Place value coloring pages place value coloring pages coloring squared place pages value coloring

place value coloring pages place value coloring pages coloring squared place pages value coloring

Miniature paintings are one of the many things that make an Indian proud of his country's rich cultural heritage. Miniature paintings originated long back in the history of India. Indian Paintings can be broadly classified as the murals and miniatures. Murals are huge works executed on the walls of solid structures, as in the Ajanta Caves and the Kailashnath temple.



Indian artists employed multiple perspectives unlike their European counterparts in their paintings. The idea was to convey reality that existed beyond specific vantage point. Some of the special Miniature paintings include illustrated manuscripts of Jains and Buddhists, the flowering of the Mughal, Rajput and Deccan miniatures. Themes used were from Indian epics like Ramayana, Mahabharata, Bhagvata Purana, Rasikpriya, Rasamanjiri as well as ragas of Indian classical music, etc.



Remember this simple rule when thinking about Warm or Cool: Warm individuals have red or gold highlights in their hair. Cool individuals have no red or gold highlights in their hair. That is true for girls and women of all ages. Whether you color your hair, use the color you have now as the basis to determine whether you are Warm or Cool. Congratulations! You are half way towards determining your Season.


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Painting interior walls is one of the easiest ways to add new life to a bland space and can be accomplished by even the most inexperienced person with advice in this article, written by a skilled professional. Once you implement this information and in effect build up a new confidence, you will be able to tackle more advanced painting projects around the house. Now let's get you on your way to creating more enjoyable spaces and possibly adding a little equity to your home in the process.



Step two: Now roughly draw onto the canvas what you want to create in paint. Don't worry, it does not have to be perfect. Your cool application of paint from your innermost imagination will make it look good. If you mess up with the pencil, simply erase it off and start over. Warning: resist the urge to simply copy some artist's painting from the past. That's career suicide, and so boring. You're smart, make your own art. It's much more interesting and unique. A copy of a painting from the past has the sole purpose of making you look like a copycat, and who needs that on their resume? Remember, deciding WHAT to paint is the hardest part. But once you get into the flow it will come to you, I promise. Paint from your own life is the best career advice as a painter. Truth is more bizarre than fiction anyway. And I believe people like to kind of know what they're looking at, as opposed to simply painting a solid layer of red and calling it art. Be creative, go with the flow, don't over think it. Paint what you want to paint and the world will ultimately find it interesting. After all, it's YOUR art. Painting nature is always a good idea, as nature never goes out of style.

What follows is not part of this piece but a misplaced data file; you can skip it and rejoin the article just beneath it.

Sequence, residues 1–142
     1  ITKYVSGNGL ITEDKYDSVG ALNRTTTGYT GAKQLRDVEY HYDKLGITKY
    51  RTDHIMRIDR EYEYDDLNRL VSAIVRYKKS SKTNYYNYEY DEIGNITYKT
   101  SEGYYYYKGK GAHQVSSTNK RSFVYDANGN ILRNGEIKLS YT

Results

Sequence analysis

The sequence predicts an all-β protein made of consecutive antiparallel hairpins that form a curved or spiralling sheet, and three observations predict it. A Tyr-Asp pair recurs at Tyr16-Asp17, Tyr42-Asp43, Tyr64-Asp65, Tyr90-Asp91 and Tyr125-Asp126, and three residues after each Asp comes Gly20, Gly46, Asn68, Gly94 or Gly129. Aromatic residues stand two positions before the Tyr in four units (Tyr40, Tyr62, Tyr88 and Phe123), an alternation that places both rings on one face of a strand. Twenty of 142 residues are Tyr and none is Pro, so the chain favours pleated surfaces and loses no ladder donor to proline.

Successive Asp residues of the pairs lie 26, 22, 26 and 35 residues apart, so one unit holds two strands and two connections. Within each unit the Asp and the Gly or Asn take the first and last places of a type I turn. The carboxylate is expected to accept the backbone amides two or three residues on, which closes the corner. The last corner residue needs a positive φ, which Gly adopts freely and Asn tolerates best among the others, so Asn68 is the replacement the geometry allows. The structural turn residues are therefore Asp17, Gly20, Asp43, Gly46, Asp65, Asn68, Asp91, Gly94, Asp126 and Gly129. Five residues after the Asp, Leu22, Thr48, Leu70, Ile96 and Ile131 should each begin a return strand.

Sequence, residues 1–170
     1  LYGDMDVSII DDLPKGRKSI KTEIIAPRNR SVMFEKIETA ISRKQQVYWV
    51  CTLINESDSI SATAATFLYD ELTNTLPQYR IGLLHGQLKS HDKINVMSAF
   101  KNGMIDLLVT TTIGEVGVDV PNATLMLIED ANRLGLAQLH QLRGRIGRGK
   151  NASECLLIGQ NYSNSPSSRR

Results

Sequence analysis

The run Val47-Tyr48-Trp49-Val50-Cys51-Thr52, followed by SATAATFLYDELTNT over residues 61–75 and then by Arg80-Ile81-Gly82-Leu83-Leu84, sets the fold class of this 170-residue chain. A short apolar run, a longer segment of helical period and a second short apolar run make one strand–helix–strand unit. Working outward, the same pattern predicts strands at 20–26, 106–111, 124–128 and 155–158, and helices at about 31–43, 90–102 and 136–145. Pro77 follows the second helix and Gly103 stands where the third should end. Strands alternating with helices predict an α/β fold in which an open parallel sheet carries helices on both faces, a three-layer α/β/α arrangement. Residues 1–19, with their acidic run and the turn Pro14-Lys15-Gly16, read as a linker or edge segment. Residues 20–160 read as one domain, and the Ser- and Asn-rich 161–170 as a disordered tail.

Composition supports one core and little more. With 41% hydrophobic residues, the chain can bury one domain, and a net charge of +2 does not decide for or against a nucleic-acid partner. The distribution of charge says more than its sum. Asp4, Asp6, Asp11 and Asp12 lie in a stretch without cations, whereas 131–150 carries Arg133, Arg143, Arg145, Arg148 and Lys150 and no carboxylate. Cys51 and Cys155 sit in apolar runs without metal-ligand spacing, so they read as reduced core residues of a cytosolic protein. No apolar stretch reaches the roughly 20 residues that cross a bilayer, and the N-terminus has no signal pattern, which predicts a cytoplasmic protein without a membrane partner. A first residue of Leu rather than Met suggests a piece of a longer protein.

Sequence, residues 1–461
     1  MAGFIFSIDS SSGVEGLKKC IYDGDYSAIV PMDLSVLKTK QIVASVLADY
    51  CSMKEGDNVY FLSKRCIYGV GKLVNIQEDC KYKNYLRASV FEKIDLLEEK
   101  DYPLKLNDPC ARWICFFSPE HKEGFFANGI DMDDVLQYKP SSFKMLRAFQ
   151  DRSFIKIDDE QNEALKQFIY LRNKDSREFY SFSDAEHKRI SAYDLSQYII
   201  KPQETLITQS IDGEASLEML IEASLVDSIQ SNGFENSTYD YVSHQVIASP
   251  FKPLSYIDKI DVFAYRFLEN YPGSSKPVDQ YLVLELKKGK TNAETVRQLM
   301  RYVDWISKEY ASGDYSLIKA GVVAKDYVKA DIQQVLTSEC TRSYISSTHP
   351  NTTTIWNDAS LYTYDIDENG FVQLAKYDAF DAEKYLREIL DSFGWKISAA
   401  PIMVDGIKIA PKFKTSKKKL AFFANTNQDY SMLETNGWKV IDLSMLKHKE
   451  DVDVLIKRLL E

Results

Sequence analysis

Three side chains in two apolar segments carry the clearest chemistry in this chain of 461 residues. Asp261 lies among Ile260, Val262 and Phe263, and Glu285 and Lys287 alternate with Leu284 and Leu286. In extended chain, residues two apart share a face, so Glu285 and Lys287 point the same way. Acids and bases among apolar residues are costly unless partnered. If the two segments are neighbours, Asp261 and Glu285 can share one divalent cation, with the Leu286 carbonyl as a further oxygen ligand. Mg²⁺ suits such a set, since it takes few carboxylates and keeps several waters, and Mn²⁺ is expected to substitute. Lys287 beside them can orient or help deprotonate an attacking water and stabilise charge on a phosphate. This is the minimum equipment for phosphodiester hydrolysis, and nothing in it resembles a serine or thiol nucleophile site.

OK, now let it dry overnight. The next day....or whenever you get around to it....mix a lot of Galkyd with just a little bit of color and glaze it over the first layer. Layer upon layer....allowing each layer to dry... is what makes paintings look finished and interesting and expensive in my view. Certainly you can paint wet on wet, as van Gogh did. But that's a much harder proposition we'll talk about later. You can put as many layers as you wish until you get your desired look. A thin glaze of Galkyd with just a little black works great on top of any dried color underneath. It give it an antique and finished look. But be careful not to add too much black. Don't worry, if you put too much just wipe it off and start over. That's the great thing about oil is it dries slower and you can tweak, correct, start over before it dries. Tip: a thin layer of yellow glaze looks good on top of almost any color too. A thin glaze of green looks good over blue, a thin glaze of blue looks good over purple. But ultimately you can pick and choose and experiment with which color to add to your glazes. There are no rules. Invent ones of your own. A thin glaze of yellow on top of a dried layer of red looks awesome. A thin layer of yellow on boring brown make it look like expensive and not-boring brown. You get the idea. But make the process your own and have fun with it. No one will ever do it quite the way you do, and that's what's interesting about the process.